Jonathan Harker begets the ire of Count Dracula after he accepts a job at the vampire's castle under false pretenses, forcing his colleague Dr. Van Helsing to hunt the predatory villain when he targets Harker's loved ones.
After Jonathan Harker attacks Dracula at his castle (apparently somewhere in Germany), the vampire travels to a nearby city, where he preys on the family of Harker's fiancée. The only one who may be able to protect them is Dr. van Helsing, Harker's friend and fellow-student of vampires, who is determined to destroy Dracula, whatever the cost.Written by
Harper's Bazaar lists Horror of Dracula as one of The Best British Films of All Time. See more »
It was established at the very beginning during Harker's narration that he was there to put an end to Dracula's reign of terror, therefore he knew what Dracula was; yet he was genuinely surprised shortly after his arrival at Dracula's castle when the vampire woman begged for his help to escape. See more »
[narrating his diary]
The Diary of Jonathan Harker... Third of May, 1885. At last, my long journey is drawing to its close. What the eventual end will be, I cannot foresee. But whatever may happen, I can rest secure that I will have done all in my power to achieve success.
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The film was cut for its original cinema release by the BBFC in 1958 to remove shots of blood during Lucy's staking and to reduce the final disintegration of Dracula. For later UK video and DVD releases the U.S print (titled "Horror Of Dracula") was used as this restored the staking scene in full, although the climactic disintegration remained edited (and may no longer survive). In May 2007 a new BFI 'restored' print was premiered in Cannes which includes the staking and restores the original title of "Dracula" to the opening titles. See more »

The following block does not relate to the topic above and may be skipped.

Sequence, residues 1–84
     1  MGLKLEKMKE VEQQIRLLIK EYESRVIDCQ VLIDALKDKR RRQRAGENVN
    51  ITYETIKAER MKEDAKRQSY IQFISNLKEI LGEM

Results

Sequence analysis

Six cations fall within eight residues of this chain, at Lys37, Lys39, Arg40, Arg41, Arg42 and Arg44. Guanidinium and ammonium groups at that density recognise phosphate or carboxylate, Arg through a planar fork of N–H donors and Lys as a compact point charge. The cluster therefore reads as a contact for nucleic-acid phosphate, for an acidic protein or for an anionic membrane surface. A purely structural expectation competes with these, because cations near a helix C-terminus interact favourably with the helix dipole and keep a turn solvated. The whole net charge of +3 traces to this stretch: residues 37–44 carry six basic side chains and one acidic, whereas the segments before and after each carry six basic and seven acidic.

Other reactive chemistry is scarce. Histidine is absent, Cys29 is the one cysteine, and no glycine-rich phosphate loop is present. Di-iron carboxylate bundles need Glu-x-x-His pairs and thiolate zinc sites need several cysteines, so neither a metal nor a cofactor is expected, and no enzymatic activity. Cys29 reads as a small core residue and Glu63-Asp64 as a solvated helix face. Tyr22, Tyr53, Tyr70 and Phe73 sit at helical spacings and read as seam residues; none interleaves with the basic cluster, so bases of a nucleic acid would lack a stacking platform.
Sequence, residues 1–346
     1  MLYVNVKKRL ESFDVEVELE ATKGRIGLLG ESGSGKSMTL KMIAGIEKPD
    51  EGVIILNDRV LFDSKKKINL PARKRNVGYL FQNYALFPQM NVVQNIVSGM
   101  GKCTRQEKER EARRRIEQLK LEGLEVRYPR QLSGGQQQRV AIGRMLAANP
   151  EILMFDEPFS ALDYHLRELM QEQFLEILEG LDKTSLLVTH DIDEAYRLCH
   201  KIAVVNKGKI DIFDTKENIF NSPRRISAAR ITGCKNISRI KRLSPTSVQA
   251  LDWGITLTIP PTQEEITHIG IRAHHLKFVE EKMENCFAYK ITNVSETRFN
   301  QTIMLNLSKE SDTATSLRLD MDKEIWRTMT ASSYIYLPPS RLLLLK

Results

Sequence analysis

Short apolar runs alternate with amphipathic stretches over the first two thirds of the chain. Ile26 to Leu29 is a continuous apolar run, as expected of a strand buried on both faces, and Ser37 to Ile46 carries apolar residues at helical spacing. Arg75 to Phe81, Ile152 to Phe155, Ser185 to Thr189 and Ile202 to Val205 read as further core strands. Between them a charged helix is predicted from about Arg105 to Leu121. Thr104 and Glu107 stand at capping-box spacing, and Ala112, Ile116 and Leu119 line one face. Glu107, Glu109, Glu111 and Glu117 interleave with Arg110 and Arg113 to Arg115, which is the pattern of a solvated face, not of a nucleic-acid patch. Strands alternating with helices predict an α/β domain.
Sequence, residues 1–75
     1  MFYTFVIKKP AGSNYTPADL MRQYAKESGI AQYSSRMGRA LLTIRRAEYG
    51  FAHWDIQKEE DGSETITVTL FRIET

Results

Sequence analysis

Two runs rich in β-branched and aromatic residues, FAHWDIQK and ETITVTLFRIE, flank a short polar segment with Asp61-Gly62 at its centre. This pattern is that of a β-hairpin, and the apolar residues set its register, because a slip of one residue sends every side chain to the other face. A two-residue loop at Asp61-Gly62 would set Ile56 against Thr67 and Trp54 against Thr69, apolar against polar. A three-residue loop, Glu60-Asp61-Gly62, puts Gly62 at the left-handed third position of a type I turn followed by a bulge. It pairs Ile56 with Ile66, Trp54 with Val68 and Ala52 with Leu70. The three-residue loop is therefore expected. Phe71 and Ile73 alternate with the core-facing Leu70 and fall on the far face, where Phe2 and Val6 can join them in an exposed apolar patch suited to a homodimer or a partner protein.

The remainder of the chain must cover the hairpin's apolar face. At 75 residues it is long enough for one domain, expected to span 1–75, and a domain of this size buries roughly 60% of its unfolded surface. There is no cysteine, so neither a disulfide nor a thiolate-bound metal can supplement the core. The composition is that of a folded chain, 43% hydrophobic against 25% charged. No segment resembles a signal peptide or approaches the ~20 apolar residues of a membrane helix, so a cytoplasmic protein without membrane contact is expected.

Terence Fisher's DRACULA (HORROR OF DRACULA in the USA; 1958) is the best vampire film of all time. No other picture combines the right amounts of horror, humor, action, and eroticism. Britain's Hammer Films is legendary for their horror films--this is the best of them all. Although quite different from the book in many ways, I feel this picture captures the spirit of Stoker's work better than the more literal adaptations. Everything works here--Fisher's tight, crisp pacing, James Bernard's throbbing, full-blooded score, and especially the acting. Christopher Lee inherits the role of Dracula from Lugosi and makes it his own--he still holds the record for most film performances as the Count. Peter Cushing is the definitive Dr. Van Helsing--by turns tough and tender, his interpretation far outshines those of far better known actors--Anthony Hopkins and Laurence Olivier played the part later, but their performances were totally inferior to Cushing's. And how about Michael Gough--Alfred in the recent BATMAN films--as Holmwood? He's a treat in his own right! Lugosi came first, and later films spent more money; however, the best combination of all elements is in HORROR OF DRACULA. It is required viewing for all vampire fans.
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